By Patrick Beja
Truckers could create a transport crisis if they fail to install a cargo-tracking device on their transit vehicles by June 30.
Last week, only 400 trucks out of more than 10,000 targeted had been fitted with the electronic cargo-tracking device.
Truck owners say they are not opposed to the Kenya Revenue Authority (KRA) rule requiring them to fix the tracking gadget on their transit vehicles, but were concerned about the cost.
KRA intends to use the cargo-tracking device to ensure truckers do not divert transit goods into the country.
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According to KRA, the tracking system would provide more information on cargo and make it easier to resolve cases of lost cargo.
The system would provide information on what time something happens to the cargo as the data will be received in control rooms.
On the other hand, transporters want more vendors of the tracking system brought on board to bring the cost of the device down.
A recent stakeholders’ meeting called by the Kenya Transport Association (KTA) singled out the cost of the system as prohibitive and appealed to KRA not to allow monopoly or cartel-like practice in the transport industry.
"We are not opposed to the tracking system, but we want more vendors so that the rates can go down," said the KTA executive officer Eunice Mwanyallo, after the stakeholders’ meeting. KRA has so far licensed Navisat Terematics to sell the tracking gadgets.
SGS recently got the green light to be a vendor for the gadgets, but has not yet began the service.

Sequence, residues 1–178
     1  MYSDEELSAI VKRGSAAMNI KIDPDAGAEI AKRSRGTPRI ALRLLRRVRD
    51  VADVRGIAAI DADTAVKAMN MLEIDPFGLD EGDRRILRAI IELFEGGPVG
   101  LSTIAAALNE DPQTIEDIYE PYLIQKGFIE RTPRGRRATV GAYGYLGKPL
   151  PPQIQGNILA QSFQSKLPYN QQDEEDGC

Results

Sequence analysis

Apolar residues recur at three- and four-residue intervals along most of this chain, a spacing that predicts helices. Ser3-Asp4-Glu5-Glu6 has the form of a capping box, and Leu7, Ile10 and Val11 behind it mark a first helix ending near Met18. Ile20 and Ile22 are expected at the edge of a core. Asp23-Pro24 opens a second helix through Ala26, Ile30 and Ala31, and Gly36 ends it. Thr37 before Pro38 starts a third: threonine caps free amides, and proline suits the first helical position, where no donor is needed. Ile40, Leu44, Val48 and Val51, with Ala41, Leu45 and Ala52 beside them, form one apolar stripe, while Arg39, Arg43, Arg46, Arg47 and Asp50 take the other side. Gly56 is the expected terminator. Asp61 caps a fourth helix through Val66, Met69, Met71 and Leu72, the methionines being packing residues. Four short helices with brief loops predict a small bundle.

The transporters want other interested vendors to also come on board, even as the deadline to comply with the KRA rule approaches.
Navisat officials said it takes $850 (about Sh66,300) for tracking system reader, $250 (Sh19,500) for the seal and $100 (about Sh7,700) for installation. For every truck, it would cost Sh2,500 to service its gadget.
On the other hand, SGS said it would vend the system reader at $650 (Sh50,700) and lease the seals to transporters at Sh78 a month per truck and Sh1,500 for the service.
The transporters, who are set to meet the Commissioner of Customs this week, over the impending deadline saying KRA should have initially come up with a list of at least five vendors of the tracking gadget to enhance competition.
Selection of vendors
KRA assistant commissioner for Information and communication technology Collins Mukhongo defended the selection of vendors for the tracking device saying it was sourced through competitive bidding. He said KRA had asked firms to demonstrate how they could track cargo, but many failed to meet the set standards, dismissing claims that those licensed were hand-picked.
"The process of selecting the vendors was transparent. No firm has been favoured," Mukhongo explained.